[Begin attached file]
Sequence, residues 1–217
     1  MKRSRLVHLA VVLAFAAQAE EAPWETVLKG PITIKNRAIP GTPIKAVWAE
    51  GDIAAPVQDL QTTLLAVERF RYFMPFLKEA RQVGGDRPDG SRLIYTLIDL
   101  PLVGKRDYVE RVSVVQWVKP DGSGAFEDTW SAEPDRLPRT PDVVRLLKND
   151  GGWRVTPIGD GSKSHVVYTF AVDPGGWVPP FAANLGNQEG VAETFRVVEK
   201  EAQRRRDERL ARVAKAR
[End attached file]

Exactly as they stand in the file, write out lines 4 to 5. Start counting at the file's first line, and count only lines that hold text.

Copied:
   101  PLVGKRDYVE RVSVVQWVKP DGSGAFEDTW SAEPDRLPRT PDVVRLLKND
   151  GGWRVTPIGD GSKSHVVYTF AVDPGGWVPP FAANLGNQEG VAETFRVVEK